IT was an idyllic summer’s evening in the chocolate-box village of Cawthorne...
The car park at the Spencer Arms was packed with most of the outside tables and chairs taken as the punters basked in the warming sunshine on arguably the finest evening so far of the depressing English summer.
Cawthorne, on the outskirts of Barnsley, is listed in the Domesday Book, and is as far removed from the classic music hall image of the town as is possible. It is a regular nominee for prettiest village award regionally and nationally and with the attractions of Cannon Hall, the former home of John Spencer Stanhope, behind the village – a grand country estate with gardens and lakes by Capability Brown – it is a magnet for tourists.
Also in the village is the Victoria Jubilee Museum, an historic church – and its country inn, the Spencer, draws in trade from far and wide.
The Spencer Arms pub, built in 1720, has recently been given an extensive makeover, combining a mixture of olde-worlde charm on the exterior, with a contemporary, stylish interior, but it has retained the intimate cosy nature of a local pub, with open fires and candles.
We called in on a Monday evening. With so many people around and ‘reserved’ signs on several of the tables in the main restaurant area, it crossed my mind that we should have booked in advance. Would they be able to fit us in?
It turned out that all was well and we were allocated a corner table with a view out towards the village green and a cooling breeze wafting in from the open door leading onto the patio.
We were given copies of the ‘Menewe’ which, though not extensive, looked promising. As well as the Menewe there was the ‘Prix Fixe Menu’ alternative, offering two courses for £14.95 or three courses for £17.95. The starters on this menu were Soup; Spicy, Breaded Wheel of Goats’ Cheese deep fried with garlic crostini, mixed salad leaves and a chick pea puree; Smoked Chicken and Chorizo Salad with roasted pimento, tomato and a balsamic dressing or Shredded Ham Hock timbale, pineapple pickle and quail’s egg with an English mustard dressing.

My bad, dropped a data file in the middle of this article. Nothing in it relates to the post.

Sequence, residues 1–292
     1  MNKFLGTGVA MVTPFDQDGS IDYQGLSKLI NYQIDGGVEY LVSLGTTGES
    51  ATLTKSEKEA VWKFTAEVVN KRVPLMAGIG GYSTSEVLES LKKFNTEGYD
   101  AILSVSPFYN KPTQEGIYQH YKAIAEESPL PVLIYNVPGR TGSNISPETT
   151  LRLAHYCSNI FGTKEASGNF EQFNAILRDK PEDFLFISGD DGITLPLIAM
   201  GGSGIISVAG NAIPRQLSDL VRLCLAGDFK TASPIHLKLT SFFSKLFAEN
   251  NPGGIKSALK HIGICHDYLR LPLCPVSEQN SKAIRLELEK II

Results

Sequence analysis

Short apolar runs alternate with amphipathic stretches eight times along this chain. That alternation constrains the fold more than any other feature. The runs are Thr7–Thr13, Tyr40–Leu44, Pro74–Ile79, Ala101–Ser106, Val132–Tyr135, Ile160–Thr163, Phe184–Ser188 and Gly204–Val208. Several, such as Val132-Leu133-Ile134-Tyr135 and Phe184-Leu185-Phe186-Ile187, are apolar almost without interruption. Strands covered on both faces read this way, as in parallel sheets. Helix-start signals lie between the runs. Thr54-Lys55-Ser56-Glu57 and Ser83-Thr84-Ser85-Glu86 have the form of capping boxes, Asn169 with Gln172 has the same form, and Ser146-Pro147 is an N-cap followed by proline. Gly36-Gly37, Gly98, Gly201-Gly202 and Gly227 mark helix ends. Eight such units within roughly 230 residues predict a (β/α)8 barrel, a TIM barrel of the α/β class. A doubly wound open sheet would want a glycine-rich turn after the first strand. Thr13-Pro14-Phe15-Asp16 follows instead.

The mains choices were Four-hour Braised Lamb Shoulder with pomme puree, shallot, spinach and walnut confit and red wine jus; Fillet of Sea Bass with potatoes bataille, roasted fennel and chive and truffle cream sauce; Marmalade Confit of Duck Leg, with bubble and squeak mash and braised red cabbage or Mediterranean Vegetables in a herbed ragout, bound with penne pasta and topped with buffalo mozzarella. For desserts there was a choice of Treacle Tart with vanilla ice cream and chilled caramel sauce; Strawberry and Vanilla Cheesecake with rose water cream and tuille biscuit; Chocolate Brownie with pistachio ice cream and strawberry milkshake or Rich Fruit Cake with clotted cream ice cream.
We chose from the Menewe and for starters I went for the Grilled Tuna Loin served with a Caesar salad – or in my case a modified Caesar salad. I am allergic to eggs, so I asked if the salad dressing contained any. We got the message back from the chef that it did, so I decided to give the sauce a miss. My tuna came with a salad, largely of lettuce and dry croutons. The tuna was expertly presented – a sizeable piece of prime fish cooked to perfection.
Carol, though, had less success with her choice. She ordered the Seafood Cocktail, billed as prawns bound in a Bloody Mary sauce with crayfish tails, king prawns and shredded gem lettuce. What she got was what appeared to be a prawn cocktail in mayonnaise, with lettuce.